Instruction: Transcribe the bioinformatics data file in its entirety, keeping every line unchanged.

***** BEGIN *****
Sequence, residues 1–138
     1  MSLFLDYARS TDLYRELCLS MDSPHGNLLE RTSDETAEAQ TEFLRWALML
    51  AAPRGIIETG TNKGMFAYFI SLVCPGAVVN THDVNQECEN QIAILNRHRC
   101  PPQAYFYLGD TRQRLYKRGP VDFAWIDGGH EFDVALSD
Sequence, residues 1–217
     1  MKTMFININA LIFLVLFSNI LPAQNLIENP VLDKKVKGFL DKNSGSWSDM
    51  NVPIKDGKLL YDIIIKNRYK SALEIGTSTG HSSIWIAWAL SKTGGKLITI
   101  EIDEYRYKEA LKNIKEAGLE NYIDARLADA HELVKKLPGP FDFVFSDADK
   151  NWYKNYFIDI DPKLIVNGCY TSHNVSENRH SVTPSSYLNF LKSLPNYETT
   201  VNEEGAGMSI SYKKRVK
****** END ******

Sequence, residues 1–138
     1  MSLFLDYARS TDLYRELCLS MDSPHGNLLE RTSDETAEAQ TEFLRWALML
    51  AAPRGIIETG TNKGMFAYFI SLVCPGAVVN THDVNQECEN QIAILNRHRC
   101  PPQAYFYLGD TRQRLYKRGP VDFAWIDGGH EFDVALSD
Sequence, residues 1–217
     1  MKTMFININA LIFLVLFSNI LPAQNLIENP VLDKKVKGFL DKNSGSWSDM
    51  NVPIKDGKLL YDIIIKNRYK SALEIGTSTG HSSIWIAWAL SKTGGKLITI
   101  EIDEYRYKEA LKNIKEAGLE NYIDARLADA HELVKKLPGP FDFVFSDADK
   151  NWYKNYFIDI DPKLIVNGCY TSHNVSENRH SVTPSSYLNF LKSLPNYETT
   201  VNEEGAGMSI SYKKRVK